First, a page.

Greetings everyone from the Indy Runners Medical Desk. Thanks to Jesse for getting our Blog going as a good forum to share thoughts and ideas for our Club. I’ll aim to get out some good medical thoughts as often as possible – and you can always write to me with any issues or concerns at email@example.com.
Let’s start with a bit of a discussion about Recovery. As our mileage and workloads increase towards Fall racing, how we Recover from this workload becomes more and more important. Remember, it’s not the runs or the workouts that make us stronger – it is our ability to Recover from them that allow that Adaptations that make us stronger.
By far, the Number 1 way to allow our bodies to Recover from the work is to get a consistent good night’s sleep. At least 7-hours, hopefully more like 8-hours.
Let’s break that down. What does a “good” night’s sleep look like, and how can we facilitate it? Simple things like darkness of the room (trickier with daylight savings time in the summer), limiting screens 30-minutes before bed (trickier with phones, social media, TV shows, etc.), and cooler/reasonable temperatures (also trickier in the summer). These are all things we somewhat inherently know – but, are we good about following them?
And watch our caffeine intake in the afternoon (2:30pm diet coke to get us kick started to finish the day?). And be mindful about how alcohol affects our sleep patterns (one glass or one beer might not affect us, but a second or more might wake us up on the middle of the night?). Some of us travel quite often for work – how are we managing our sleep hygiene when we get in late or are crossing multiple time zones? And are we realistic with our Training expectations on those weeks that are the most stressful
Also, what does “consistent” look like? It might sound obvious, but consistent means consistent – 7-8 hours every single night. Not 5-6 during the week, then 9-10 on the weekend; or 5.5 one night, then 8.5 the next to “catch up”.
Each of us are different between being more “morning people” or more “evening people”. Usually, it’s easier to get more sleep by going to bed a little earlier. Let’s do some Math – if we can start by getting 10-minutes extra sleep for 6-nights per week, that is a whole Hour of extra sleep each week! That would certainly serve as a meaningful boost in our Training!
So our Homework for the month of August is to take an honest look at our Sleep Hygiene and thoughtfully discern what habits are helpful and what habits we might tweak to get the most out of this important time for our bodies to regenerate from the workload they’ve been handling. We don’t need large changes to make a difference. A few small changes at a time could pay big dividends over the coming weeks as we build towards good Racing.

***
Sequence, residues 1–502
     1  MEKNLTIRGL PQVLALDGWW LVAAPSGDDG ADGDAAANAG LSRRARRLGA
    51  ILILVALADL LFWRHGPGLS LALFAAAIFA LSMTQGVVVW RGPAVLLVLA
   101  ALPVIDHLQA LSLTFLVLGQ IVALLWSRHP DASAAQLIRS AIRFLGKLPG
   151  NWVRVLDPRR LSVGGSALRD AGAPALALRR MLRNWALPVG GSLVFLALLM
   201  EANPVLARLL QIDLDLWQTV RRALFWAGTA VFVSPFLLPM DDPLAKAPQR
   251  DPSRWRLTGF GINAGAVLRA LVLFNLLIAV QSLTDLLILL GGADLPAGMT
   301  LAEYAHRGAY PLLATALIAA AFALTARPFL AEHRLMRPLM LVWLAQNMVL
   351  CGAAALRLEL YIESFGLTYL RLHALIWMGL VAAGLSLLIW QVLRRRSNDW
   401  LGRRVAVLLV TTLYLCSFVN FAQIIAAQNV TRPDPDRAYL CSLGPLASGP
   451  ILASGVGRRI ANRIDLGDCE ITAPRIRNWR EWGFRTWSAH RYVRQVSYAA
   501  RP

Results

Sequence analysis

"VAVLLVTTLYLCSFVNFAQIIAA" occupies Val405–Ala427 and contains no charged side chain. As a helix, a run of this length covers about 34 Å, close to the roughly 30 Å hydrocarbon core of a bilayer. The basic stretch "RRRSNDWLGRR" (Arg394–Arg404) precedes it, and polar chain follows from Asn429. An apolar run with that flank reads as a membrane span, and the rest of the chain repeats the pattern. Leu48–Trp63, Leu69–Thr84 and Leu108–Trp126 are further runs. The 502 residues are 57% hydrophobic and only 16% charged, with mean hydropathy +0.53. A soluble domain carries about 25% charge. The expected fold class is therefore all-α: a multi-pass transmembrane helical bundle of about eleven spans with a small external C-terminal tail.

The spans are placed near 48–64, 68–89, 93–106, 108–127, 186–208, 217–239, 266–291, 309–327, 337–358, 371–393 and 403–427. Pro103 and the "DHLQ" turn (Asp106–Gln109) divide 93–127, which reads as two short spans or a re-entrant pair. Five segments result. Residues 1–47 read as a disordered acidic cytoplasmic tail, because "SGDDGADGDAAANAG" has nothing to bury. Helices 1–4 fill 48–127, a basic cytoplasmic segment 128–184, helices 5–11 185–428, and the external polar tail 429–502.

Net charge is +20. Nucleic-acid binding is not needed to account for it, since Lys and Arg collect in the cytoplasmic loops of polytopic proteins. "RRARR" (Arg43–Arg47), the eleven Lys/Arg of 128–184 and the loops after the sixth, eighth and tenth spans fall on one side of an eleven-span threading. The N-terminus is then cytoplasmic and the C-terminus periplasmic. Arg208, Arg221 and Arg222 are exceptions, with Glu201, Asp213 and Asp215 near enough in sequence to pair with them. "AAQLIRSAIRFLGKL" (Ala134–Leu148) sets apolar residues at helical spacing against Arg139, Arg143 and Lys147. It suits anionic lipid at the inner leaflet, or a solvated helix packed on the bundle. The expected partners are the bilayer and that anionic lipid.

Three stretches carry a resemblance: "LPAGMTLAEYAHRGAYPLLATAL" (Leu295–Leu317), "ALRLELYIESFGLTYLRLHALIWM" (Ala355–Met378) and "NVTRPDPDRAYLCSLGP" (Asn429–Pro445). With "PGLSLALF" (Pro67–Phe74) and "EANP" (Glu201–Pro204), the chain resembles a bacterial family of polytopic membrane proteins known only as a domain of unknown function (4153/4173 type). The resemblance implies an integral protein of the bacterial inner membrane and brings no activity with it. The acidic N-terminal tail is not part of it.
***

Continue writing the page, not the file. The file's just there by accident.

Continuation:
Please let us know if you have any insights or tips you might like to share. And any questions, please send them along.
Thanks and see you out there.
Brian Schuetter, PT, DPT, OCS – St. Vincent Sports Performance
You might recognize Carole Miller, (standing in the center of the featured photo above), as one of the smiling faces serving breakfast burritos and pancakes at our cheer zone tent after the Monumental Marathon. Or, perhaps you know her from our Spring Training Program where she takes new walkers under her wing and keeps them coming back week after week with her encouragement and wonderful sense of humor. Carole has also served the past two years on the Indy Runners board as the co-walking director. Her self proclaimed mission has been “to give a face to walkers, because they are just as passionate about walking as runners are about running–it just takes us longer.”
Having served on the board with Carole the past two years, I can honestly say she is the perfect representation of what makes our club special. She is always looking out for others and making sure everyone feels welcome and appreciated. I couldn’t think of anyone better to do our very first member spotlight blog post with than Carole, who truly makes Indy Runners and Walkers a place for every pace!
Below are a series of questions Carole took the time to answer for us.
When and why did you join Indy Walkers?
I joined Indy Runners in 2013. I was looking for a training program for the 500 Mini. The last year I attempted to do the Mini was 2003. To put it mildly, it was the most miserable and painful experience of my life and it took me 10 years to try it again. I knew my training in 2003 was insufficient and I had to do better, so I went on the internet and Indy Runners popped up as a local running club.
What kept you coming back?
The reason I kept coming back was because of Kay King and Sue Murry. Both of these wonderful women took me under their wing in 2013 and walked with me. Although their pace was much faster than mine, they made sure that I was never alone. They are part of the reason that I always tell the new walkers our motto: “No one is left behind.” The training is fine and the seminars are helpful, but you can pull down a training schedule from the web and get what you need. The most important thing for me was the camaraderie of our walking group. Sue and Kay and anyone who walks with me has heard about my WONDERFUL grandson, my crazy sister, my stressful job, and my cancer. These wonderful people are always there to listen. That’s why I get up on Saturdays and go across town to Broad Ripple to walk 6 miles. I could walk in Eagle Creek, but Eagle Creek would not have the wonderful people I’ve met training with Indy Walkers.